small, varying in width from 2.5 to 15 cm, but occasionally reaching 30-90 cm. Most of the ore lay close to the surface and it was possible to extract it by hand by digging shallow shafts down to the vein and piling the waste rock round the circumference of the shaft, forming 'bell pits' (Fig. 2.2). Once a vein was discovered the ore would have been removed with as little waste as possible. Frequently, calamine was found within a metre of the surface. Few pits went deeper than 40 m. One of the earliest accounts of the mining in the vicinity of Shipham was the letter of 1684 by Giles Pooley (Pooley, 1693), written at the request of the President of the Royal Society. The basic principles described remained valid over the entire period of mining. (See following page, first column.) The ore, once mined, was then washed, crushed and calcined at or near the site of extraction. Pooley's account continues with a detailed description of the treatment of the ore. (See following page, second column.) Although four calamine ovens were recorded at Shipham (Gough, 1930) the locations of all but one are now unknown. The remaining chimney still stands behind Court House in the centre of Shipham. The fumes produced from these furnaces killed off many of the trees in the area (Collinson, 1791). It is likely that particulate fallout from this source was responsible for much of the metal dispersal, because the cadmium was vaporised to some extent during the calcining. Airborne contamination would also have arisen from dust produced by working and crushing the ore.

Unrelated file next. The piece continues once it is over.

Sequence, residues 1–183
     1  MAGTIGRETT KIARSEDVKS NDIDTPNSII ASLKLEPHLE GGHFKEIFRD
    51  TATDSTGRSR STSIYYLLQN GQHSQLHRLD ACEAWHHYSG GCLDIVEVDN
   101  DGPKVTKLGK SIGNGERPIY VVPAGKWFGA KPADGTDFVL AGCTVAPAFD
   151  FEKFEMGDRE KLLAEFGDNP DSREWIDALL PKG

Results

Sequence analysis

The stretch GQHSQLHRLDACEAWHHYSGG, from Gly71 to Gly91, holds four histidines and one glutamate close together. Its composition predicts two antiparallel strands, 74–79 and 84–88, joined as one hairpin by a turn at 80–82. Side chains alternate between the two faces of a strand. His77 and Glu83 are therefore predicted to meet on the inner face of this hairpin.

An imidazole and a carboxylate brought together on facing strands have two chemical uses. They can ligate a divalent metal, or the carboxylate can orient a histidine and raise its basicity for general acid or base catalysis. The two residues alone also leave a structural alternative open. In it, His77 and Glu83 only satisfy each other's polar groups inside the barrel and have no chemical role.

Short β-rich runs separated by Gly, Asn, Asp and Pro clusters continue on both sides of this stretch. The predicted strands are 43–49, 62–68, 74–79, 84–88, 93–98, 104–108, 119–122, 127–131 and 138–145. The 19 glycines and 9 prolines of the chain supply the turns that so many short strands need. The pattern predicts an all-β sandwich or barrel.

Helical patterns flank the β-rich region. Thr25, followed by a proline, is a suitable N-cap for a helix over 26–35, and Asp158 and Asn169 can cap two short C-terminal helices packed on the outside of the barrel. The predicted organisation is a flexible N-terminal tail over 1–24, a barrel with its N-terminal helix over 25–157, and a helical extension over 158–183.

14 As to the finding out the Calamin¢, which I think tl~e fir~ thing to intbrm you of, the Groovers tell me there is no certainty at all, but that it is a meet Lottery : They are neither certain of it from tl, e Surface of the Earth, which, as they obf~rve, gives little or no figns thereof; fometimes they f.~yan oily Steam and Smell arif&h out of theEarth where they guef~ rome Mines to be, hut not Calamine; nor from the Nature of the Ground, it being foam fometimes in Meadows, fometimes in Art. ble, lbmetimes in Pafture ; and as I have obferved, molt commonly iv, barren and rocky Ground : Neither from the Colour or Tafie of the Waters running thereabouts, they being muci: of the f~me Colour, Tat/e, Clearnef~ and Wholfomnefs with other Water : Nor from the withering of the Gra(~, upon the Superficies of the Earth, or the Leaves of the Trees, they being as freCh where Calamine lies, as in any other place. But this I obferve, thatthey alwaysdig for it upon, or near t~e Hills; for they expe& none in thole Grounds which have no Communication with Hills. The Method tl2ey take for finding out a Vein is by digging a Trench as deep as till they come to the Rocks where they expe& it lies, acrofs the place where they hope for a Gour[~; which Trench they generally dig from North to South, or near upon that Point, the Cour.~s ufually lying from Eaf~ to "¢¢e1~, or at Six a Clock, as their Term is. Though this is not conf~an'. neither ; for fb,netimes the Couri~s, Seams or Rakes as they cail them, lie at Nine a Clock, and fomedmes are perpendicular, which they call the High time of t!:e P-~,y, or T~clve a Clock; and there Courffs they elteem the bell Thel~ Seams or Courfes run between the Rocks, _-eneraily wider than thole of' Lead-Ore, unlef~ they are inclol~d m very hard Cliffs, and then they are as ~arrow asthe Veins of Lead. The Colour of ~iic Eartii ',~!,~re Ca/ami~te lies, is generally a yellow Grit, hat f~.m~-timc~black; for all Countries, as they '.crm their u/~der-groui~dWorks, are not alike. Calamine it felt"is of f;~veralColours, [0me white, rome reddi~, lbme grey[[h, rome blackifb, which is counted the belt ; but when this is broken, it is of feveral Colours. In working tbr it below in the Countries, they ufe the fame way a,ad |nflruments as they do in Lead-Mines; and fometimes they light upon a good quantity of Lead, but always find lome Eyes of Lead among the Calamine, which in ordering of it they l~parate : Though I think in Lead Mines they do not always find Calamine. In landing of tile Calamine rome pieces are bigger than others of different fizes, as other Stones are, and mix~ with the gritty Earth ; yet I have been informed by a Per(on concerned in thele Works, that they have found one entire piece of 8 or , o Tun, which by reafon of its bignefs was forc'd to be broken in the Groove before it could be landed ; but generally in thefeGrooves where I made my Enquiry, it rifeth in [mall Particles, rome more, rome lefs, and (brae about the bignel~s of a Nut, and this they call a final[ Calamine. In ancient Works, (which are thot;" that have been forfaken and afterwards workt in again) Damps and Staunches form:times ari/~, but never in new Works ; but that there Damps art[e, an experienc'd Groover tells me is the Fault of thole Workmen, that do not take care to carry Air along with them, which is done by Air-Shafts, as in LeadMines.